Why do people lie?
We lie. Sardonically, this happens to be the biggest truth; most people lie most of the time. Ironically, we lie to save our pride, to draw curtains over our sins and mistakes, to live in disguise, in a fool's paradise and to fool others. We fib about our wealth and power so that we astound people.
The more we lie and the more frequently we lie, the more comfortable we get to the idea of lying and are thus able to deliver falsehoods without batting an eyelid. Another major factor, which forces us to lie, is to earn money, to grab a business opportunity, post or position.
Somehow, we feel that the glory and achievement obtained through lying will wash away the guilt or shame. It does not. The problem is that too few persons adequately consider any ethical perspective when facing a situation that tempts a lie.
A lie is a statement that is untrue, when the falsity of the statement is known or suspected by the speaker. Depending on definitions, a lie can be a genuine falsehood or a selective truth, a lie by omission, or even the truth if the intention is to deceive or to cause an action not in the listener's interests. To lie is to tell a lie. A person who tells a lie, and especially a person who habitually tells lies, is a liar.
In every religion, uttering falsehoods is a sin and we commit this sin, perhaps most frequently than any other.
According to Hindu mythology, this is Kalyug. The struggle to live and subsist is getting harder with each passing day, so people seem to have adapted to lying to get away from sticky situations.
Generally, we enjoy when kindergarten kids lie, lying at that age does not seem such a problem. Young children (ages 4-5 years) often make up stories and tell tall tales. This is normal activity because they enjoy hearing stories and making up stories for fun. These young children may blur the distinction between reality and fantasy. But it's sad that most adolescents and adults do the same.
According to many people, a lie may be permissible if telling the truth might hurt someone. When trying to do the right thing in a difficult situation, perfect honesty may seem second best next to values like compassion, respect, and justice. Yet many philosophical and religious traditions have long claimed that rarely, if ever, is a lie permissible.
The solution to our dissatisfaction begins with acknowledging the value of ethical reasoning and ends with a commitment to follow through with what we determine is the right thing to do.
Everyone hates being lied to. Short of violence, it is the worst thing you can do to anyone. The reason that we hate lies is not just because of God or any universal moral precepts but because we wish to navigate carefully through life, and to do so we must be able to calculate our true position. When someone lies to us, they know their position but they have given us false data, which obscures our position.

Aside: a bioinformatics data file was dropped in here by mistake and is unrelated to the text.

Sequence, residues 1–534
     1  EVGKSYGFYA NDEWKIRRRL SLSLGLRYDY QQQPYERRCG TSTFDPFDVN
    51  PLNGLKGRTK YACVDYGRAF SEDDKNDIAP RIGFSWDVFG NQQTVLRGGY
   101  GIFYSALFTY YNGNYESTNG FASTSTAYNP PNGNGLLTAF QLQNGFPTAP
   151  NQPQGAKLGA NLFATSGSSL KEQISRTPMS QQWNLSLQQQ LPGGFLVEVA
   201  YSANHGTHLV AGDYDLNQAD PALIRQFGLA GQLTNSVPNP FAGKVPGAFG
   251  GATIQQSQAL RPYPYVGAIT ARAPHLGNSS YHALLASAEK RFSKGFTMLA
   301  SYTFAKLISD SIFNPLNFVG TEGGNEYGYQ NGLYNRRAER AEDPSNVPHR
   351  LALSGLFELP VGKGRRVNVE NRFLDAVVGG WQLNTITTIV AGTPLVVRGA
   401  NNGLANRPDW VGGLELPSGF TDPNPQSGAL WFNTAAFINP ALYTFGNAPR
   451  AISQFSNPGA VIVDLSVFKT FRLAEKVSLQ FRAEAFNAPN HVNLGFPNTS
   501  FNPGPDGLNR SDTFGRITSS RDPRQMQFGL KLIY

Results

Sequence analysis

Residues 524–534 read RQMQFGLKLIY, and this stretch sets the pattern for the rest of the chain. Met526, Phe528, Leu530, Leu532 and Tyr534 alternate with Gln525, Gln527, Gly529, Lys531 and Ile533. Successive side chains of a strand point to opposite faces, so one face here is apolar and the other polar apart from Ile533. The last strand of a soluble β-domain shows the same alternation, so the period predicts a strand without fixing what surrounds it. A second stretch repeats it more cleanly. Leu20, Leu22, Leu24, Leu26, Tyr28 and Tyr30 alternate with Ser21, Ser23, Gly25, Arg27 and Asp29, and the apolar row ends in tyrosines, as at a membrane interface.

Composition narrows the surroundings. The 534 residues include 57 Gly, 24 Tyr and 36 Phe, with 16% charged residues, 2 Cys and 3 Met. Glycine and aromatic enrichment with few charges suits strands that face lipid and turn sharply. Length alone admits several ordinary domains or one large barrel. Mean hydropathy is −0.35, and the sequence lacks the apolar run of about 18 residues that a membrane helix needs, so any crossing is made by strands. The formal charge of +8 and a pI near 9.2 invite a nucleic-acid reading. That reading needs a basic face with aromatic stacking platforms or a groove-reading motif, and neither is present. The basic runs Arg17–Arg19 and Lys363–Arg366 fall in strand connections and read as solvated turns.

Lying is theft. When you tell someone something, which they take to be true, and as a result they invest their time, money, or even their care, you have stolen these things from them because you obtained these from them with false information.
Lying creates inequality. Since you also do not like being lied to- I have to date not known anyone who wanted to be deceived, you have acted as if there were two classes of humans: you, with the right to lie, and everyone else, who must be truthful to you so that you would not lose your way.
Lying treats people as a means to the end one wishes to accomplish and not as an end in themselves.
Those who believe in utilitarianism can consider altruistic or noble lies, which specifically intend to benefit someone else as morally acceptable. While the above reasoning is logical, critics of utilitarianism claim that its practical application in decision-making is seriously flawed. People often poorly estimate the consequences of their actions or specifically undervalue or ignore the harmful consequences to society (e.g., mistrust) that their lies cause.
Even if a lie is used to benefit someone, we cannot undermine the value of trust among all those who learn of the deceits. As trust declines, cynicism spreads, and our overall quality of life drops. In addition, suggesting that people may lie in pursuit of the greater good can lead to a "slippery slope", where the line between cleverly calculated moral justifications and empty excuses for selfish behaviour is exceedingly thin.
Sliding down the slope eventually kindles morally bankrupt statements (e.g., "Stealing this man's money is okay because I will give some to charity.") Those who disagree with utilitarianism believe that there is potentially great cost in tolerating lies for vague or subjective reasons, including lies in honour of "the greater good".
Lies are morally wrong, then, for two reasons. First, lying corrupts the most important quality of being human: the ability to make free, rational choices.
Each lie told contradicts the part that gives us moral worth. Second, lies rob others of their freedom to choose rationally. When a lie leads people to decide otherwise than what they would have had they known the truth, it has harmed their human dignity and autonomy. Don't lie because it first kills you and believe me, things truly go well when you speak the truth.
Mukesh Setia is the founder director of A View To Education (AVTE), a educational institute in New Delhi. His first book Bansuri The Feelings was released in December 2004 the book was on courage and dreams